“The employee-customer connection is also significant,” Huff says. “Automation empowers workers—they’re freed from tedious manual tasks so they can focus on higher-value, customer-focused work.”
A significant number of manufacturers surveyed said employee satisfaction improved due to automation: 31% reported improvement of 5-15%; 26% reported improvement of 15-25%; and 25% reported improvement of 25% or more. Many reported similar improvements with respect to customer satisfaction: 30% reported improvement of 5-15%; 35% reported improvement of 15-25%; and 17% reported improvement of 25% or more.
And what about the essential reduce cost and increase revenue formula? When asked about cost reduction improvements due to automation, 42% of manufacturers reported improvements in the range of 5-15%; 32% reported improvements of 15-25%; and 11% reported improvements of 25% or more. When asked about revenue generation, 37% reported improvements of 5-15%; 31% reported improvements of 15-25% and 15% reported improvements of 25% or more.
“Automation drives smarter business, and the ability to maximise and extend the scope and degree to which processes can be optimised is redefining how organisations can be competitive in the market and increase satisfaction among employees and customers,” Huff says.
Building and managing a digital workforce with intelligent automation
Huff explains that harnessing the full power of automation to work like the digitally transformed organisation of the future – today – requires seamlessly blending knowledge workers and smart automation capabilities.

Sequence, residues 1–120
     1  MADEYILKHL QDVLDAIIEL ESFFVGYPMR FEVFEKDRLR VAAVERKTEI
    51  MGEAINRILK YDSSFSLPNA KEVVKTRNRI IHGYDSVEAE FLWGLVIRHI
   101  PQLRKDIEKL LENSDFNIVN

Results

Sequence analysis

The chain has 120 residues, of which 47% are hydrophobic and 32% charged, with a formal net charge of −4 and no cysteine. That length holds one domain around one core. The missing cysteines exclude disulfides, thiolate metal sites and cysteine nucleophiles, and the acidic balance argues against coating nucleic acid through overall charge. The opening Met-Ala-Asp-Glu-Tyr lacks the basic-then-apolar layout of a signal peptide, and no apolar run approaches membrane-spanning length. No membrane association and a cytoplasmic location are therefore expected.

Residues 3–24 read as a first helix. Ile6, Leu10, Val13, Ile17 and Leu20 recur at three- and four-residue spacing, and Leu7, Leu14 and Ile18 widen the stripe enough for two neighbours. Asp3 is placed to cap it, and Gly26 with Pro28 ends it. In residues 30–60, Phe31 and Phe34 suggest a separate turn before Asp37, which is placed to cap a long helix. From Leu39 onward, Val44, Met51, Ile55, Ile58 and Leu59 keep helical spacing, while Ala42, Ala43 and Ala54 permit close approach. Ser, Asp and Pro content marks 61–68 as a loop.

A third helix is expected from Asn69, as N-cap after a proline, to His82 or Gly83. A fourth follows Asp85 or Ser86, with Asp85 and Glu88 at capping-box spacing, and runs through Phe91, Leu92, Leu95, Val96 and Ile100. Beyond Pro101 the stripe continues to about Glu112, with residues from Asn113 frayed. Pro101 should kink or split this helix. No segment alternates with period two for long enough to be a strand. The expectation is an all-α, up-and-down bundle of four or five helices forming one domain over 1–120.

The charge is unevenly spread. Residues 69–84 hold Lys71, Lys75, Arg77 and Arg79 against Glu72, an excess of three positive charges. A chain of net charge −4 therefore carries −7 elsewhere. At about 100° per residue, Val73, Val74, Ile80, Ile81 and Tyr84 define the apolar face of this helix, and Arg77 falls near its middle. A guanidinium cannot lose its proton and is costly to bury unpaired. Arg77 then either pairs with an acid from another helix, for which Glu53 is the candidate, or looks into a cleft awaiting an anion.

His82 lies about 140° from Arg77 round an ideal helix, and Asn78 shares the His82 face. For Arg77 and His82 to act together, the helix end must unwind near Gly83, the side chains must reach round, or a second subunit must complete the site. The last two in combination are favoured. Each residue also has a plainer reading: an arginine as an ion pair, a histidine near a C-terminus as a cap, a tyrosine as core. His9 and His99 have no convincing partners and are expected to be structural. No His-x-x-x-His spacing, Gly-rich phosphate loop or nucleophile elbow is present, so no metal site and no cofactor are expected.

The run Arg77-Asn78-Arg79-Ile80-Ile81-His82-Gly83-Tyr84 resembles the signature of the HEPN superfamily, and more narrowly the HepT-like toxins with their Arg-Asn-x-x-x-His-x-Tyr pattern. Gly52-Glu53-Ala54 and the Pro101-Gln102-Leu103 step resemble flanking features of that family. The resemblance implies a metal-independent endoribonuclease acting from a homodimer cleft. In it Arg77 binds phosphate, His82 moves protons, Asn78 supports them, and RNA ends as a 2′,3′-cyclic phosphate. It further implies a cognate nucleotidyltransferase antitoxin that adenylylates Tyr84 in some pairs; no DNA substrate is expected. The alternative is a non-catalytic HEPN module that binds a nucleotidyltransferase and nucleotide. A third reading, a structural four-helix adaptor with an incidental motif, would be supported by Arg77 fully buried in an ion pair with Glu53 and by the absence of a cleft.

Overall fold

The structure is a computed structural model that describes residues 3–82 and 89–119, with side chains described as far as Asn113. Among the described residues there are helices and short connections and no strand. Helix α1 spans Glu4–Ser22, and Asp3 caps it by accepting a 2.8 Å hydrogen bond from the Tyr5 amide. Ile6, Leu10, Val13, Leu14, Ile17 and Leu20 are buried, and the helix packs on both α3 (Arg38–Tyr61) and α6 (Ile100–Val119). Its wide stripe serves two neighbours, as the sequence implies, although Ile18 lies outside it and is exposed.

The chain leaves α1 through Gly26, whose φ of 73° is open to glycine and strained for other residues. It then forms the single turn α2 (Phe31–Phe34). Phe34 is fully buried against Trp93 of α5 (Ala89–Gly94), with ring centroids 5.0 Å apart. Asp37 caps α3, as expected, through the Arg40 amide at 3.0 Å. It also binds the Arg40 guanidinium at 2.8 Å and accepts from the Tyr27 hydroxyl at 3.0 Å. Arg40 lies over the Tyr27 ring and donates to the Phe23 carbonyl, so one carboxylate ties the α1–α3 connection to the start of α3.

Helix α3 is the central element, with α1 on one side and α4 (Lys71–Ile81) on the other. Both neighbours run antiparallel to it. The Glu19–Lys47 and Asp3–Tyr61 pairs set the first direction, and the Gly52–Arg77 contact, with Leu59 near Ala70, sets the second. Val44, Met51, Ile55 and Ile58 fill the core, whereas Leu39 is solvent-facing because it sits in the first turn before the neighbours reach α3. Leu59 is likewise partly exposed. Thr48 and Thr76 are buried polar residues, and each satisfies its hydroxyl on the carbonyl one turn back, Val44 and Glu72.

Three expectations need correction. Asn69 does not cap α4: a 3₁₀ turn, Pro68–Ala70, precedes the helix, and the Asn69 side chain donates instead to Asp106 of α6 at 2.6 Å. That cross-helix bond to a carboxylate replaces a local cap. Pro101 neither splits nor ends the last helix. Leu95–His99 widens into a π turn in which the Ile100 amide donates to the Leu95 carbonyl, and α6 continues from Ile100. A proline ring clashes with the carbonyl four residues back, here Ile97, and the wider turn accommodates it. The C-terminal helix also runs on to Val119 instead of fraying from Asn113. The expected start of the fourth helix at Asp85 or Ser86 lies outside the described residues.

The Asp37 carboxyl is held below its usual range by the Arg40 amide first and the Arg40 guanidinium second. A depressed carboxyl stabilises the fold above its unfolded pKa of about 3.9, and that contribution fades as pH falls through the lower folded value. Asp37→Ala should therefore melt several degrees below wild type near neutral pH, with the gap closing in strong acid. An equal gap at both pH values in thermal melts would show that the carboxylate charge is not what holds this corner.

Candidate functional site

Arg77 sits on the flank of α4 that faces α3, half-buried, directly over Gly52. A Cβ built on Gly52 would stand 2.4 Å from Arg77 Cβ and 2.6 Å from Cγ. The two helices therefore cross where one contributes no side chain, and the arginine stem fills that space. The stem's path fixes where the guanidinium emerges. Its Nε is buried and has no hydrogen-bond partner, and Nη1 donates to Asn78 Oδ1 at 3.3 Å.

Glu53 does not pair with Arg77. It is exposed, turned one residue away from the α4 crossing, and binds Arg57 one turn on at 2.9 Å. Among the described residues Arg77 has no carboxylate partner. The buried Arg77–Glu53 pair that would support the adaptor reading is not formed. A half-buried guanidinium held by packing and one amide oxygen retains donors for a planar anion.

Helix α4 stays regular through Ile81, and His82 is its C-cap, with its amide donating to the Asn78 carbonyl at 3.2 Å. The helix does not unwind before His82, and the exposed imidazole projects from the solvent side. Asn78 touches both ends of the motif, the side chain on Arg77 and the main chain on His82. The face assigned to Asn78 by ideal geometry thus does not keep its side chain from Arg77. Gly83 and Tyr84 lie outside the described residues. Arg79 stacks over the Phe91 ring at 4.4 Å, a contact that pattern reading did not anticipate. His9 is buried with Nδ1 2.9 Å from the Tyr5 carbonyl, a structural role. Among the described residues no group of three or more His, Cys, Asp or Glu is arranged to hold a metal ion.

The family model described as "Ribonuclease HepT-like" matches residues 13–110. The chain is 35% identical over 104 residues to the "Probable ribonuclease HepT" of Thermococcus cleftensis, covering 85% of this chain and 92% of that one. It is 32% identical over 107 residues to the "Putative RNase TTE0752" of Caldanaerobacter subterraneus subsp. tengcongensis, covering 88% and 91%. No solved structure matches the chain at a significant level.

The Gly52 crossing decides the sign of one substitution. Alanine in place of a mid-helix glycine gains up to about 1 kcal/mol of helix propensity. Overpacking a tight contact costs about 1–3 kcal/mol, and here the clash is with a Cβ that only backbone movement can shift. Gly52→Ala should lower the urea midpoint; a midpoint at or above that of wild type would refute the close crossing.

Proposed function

“The goal is to create agile workforces that enhance partner relationships, improve margins, enhance regulatory compliance, and increase the quality and accuracy of outputs while driving out cost,” he says. “Many manufacturers begin the digital transformation journey with robotic process automation (RPA), technology that uses software robots to automate repetitive tasks and manual processes and augment the work of your employee workforce. And although companies that are implementing only RPA to automate processes are realising significant benefits, many are choosing to think beyond RPA.
In fact, 60% of manufacturers surveyed reported that their automation initiative was enterprise-wide. “A true enterprise automation solution requires seamless interoperability of RPA and capabilities such as cognitive capture, process orchestration, advanced analytics, and mobility and customer engagement—this is Intelligent Automation (IA),” Huff explains. “Intelligent Automation empowers organisations to realise the full value and ROI that RPA promises by aggregating the complementary technologies RPA requires to manage teams of software bots and scale them to the enterprise. Organisations can start, scale or expand their intelligent digital workforce on their terms and timelines.
“With the IA platform, customers can converge the digital (automation) and physical workforces into a collaboratively run machine to work like tomorrow. This affords benefits such as enhanced service levels, reduced operational costs and increased productivity as a byproduct of leveraging automation to increase organisational capacity—without adding headcount—and empower the physical workforce.”
The result? A digital workforce consisting of humans and robots collaborating to transform the capacity and performance of business operations—enabling manufacturers to work like tomorrow, today.
Chris Huff – Bio
Chris Huff drives Kofax’s global strategic initiatives, Intelligent Automation thought leadership and cross-functional horizontal integration. Prior to Kofax, Chris led Deloitte Consulting’s U.S. Public Sector Robotics and Cognitive Automation practice.